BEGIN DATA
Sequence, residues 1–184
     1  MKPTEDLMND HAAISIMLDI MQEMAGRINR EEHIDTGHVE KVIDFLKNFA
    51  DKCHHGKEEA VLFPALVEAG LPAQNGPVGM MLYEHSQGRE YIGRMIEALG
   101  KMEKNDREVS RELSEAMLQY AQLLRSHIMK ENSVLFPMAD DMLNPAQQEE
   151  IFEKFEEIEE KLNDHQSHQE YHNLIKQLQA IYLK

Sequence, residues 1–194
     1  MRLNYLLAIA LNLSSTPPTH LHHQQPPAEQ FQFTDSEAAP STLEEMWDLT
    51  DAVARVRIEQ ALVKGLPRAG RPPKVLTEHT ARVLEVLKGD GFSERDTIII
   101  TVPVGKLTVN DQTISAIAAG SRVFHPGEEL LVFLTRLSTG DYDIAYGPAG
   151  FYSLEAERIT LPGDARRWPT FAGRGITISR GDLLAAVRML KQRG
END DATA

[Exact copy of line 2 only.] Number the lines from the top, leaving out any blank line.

     1  MKPTEDLMND HAAISIMLDI MQEMAGRINR EEHIDTGHVE KVIDFLKNFA